Photographing the aircraft wrecks
I have been fortunate to have dived all the wrecks, and certain ones, like the Deep Pete, several times. I have really enjoyed capturing what they have become and then researching the plane’s history and reputation. Sometimes it is even possible to learn about who the pilot was and, if they survived the crash-landing, or what happened to them after the war—providing a touching vignette back into the turbulent and dangerous times of WWII.
While happy with my images and stories, I always felt limited by the fact that the wreck is what it is… Sure, you can use images from the internet to compare it with what it was, but the wreck is always what it has become after some 80 years underwater.
And then I met Sean…
Reimagining Kavieng’s wrecks
Sean Twomey is an avid Irish technical diver who now lives in Sydney and subscribes strongly to the “Lust for Rust” philosophy of Pete Mesley, the technical expedition leader and wreck expert from New Zealand. His day job is technical support for 3D CAD/design software, so you could say he knows his “ones” from his “zeros” and, if it was not for his wonderfully redeeming Irish heritage and love of a pint or two, he could easily be confused with a “tech-head.”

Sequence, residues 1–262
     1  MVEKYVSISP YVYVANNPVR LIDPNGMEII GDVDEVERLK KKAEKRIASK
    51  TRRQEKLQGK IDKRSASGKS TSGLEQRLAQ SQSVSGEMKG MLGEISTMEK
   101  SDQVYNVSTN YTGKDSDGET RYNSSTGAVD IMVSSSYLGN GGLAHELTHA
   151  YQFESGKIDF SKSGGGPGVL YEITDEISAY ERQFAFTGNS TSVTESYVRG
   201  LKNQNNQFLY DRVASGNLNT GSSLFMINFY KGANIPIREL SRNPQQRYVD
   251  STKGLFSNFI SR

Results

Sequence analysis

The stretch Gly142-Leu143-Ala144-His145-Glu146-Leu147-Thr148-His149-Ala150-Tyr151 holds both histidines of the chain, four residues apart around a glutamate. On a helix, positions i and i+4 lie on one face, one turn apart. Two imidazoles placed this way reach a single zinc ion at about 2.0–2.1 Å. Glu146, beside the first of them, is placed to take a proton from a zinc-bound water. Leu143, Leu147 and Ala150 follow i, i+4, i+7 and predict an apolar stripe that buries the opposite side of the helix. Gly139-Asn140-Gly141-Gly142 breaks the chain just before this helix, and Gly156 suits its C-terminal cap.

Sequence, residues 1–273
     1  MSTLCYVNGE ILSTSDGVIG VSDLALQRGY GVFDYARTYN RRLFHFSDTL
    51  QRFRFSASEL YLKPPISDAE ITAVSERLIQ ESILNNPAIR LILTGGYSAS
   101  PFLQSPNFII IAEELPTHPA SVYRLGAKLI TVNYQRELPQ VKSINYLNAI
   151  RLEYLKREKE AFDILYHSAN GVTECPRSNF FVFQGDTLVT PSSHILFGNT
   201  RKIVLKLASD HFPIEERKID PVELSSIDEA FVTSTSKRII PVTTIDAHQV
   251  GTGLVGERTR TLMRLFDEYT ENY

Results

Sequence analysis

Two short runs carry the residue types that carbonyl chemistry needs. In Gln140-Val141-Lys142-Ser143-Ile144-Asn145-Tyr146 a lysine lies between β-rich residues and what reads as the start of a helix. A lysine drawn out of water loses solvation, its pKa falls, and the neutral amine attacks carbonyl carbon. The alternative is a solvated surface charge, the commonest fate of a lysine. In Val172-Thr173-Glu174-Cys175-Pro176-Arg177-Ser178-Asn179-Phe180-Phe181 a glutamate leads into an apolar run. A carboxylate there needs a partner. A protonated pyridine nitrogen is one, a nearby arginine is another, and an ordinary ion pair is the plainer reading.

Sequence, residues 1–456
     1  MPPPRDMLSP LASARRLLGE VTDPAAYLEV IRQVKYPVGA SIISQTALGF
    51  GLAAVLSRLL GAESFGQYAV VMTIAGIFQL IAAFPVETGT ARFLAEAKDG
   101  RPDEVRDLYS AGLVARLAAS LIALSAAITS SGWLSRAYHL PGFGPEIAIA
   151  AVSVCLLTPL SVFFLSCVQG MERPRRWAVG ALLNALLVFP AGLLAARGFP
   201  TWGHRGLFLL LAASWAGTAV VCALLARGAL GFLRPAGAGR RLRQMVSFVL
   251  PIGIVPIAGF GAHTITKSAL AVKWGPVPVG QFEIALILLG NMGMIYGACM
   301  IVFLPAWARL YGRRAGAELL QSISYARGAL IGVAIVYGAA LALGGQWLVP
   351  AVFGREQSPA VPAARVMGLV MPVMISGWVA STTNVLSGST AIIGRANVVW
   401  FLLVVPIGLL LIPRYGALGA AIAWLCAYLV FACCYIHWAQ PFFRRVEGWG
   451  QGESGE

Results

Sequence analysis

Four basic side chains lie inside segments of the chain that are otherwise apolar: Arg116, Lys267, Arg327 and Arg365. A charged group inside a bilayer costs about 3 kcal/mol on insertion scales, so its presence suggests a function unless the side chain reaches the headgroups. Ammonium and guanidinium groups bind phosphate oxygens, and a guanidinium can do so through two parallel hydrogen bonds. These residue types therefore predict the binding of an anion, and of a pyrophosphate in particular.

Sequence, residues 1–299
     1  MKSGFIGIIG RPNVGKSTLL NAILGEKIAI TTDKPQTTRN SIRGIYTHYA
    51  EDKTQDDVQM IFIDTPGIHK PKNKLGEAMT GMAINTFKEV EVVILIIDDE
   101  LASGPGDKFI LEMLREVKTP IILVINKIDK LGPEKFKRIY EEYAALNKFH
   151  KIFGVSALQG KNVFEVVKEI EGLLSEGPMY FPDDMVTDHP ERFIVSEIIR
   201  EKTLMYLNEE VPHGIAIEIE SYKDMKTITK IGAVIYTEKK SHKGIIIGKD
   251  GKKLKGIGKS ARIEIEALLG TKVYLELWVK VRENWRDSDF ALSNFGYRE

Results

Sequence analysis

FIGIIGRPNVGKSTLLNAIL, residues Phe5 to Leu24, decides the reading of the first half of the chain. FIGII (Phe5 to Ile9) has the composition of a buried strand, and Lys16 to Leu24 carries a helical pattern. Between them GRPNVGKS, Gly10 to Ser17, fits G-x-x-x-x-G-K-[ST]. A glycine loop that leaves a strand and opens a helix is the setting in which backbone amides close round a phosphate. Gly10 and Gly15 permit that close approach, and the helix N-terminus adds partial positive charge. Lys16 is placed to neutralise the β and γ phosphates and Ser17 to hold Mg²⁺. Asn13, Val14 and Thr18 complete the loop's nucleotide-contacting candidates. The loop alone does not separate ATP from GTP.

His software background has led him into the parallel universe of photogrammetry—a word that I could not even spell until I got to know Sean. For the uninitiated, photogrammetry, at its most basic level, involves taking a lot of repetitive, close-range images as an object is traversed. A specialised software is used to compile them into a 3D version of that object, which can be viewed from any perspective, animated and superimposed upon to illustrate its original state.
It is cool stuff and it really impressed me when Sean showed me the results of his first major project on the wreck of a Betty Bomber in Truk Lagoon—over an obligatory pint of Guinness in my local pub in Sydney. Sean had heard about my many trips to Papua New Guinea through a mutual acquaintance and approached me for advice on where to go for the best wrecks.
As soon as I saw the Betty Bomber animation, I thought of the incredible B17F Blackjack bomber wreck on the northern coast of New Guinea. But the wreck’s 50m depth and remote location presented a considerable logistical challenge, so I suggested Kavieng because the variety of aircraft wrecks, the relative ease of diving them, and some wonderful people I knew there made it all a “no-brainer.”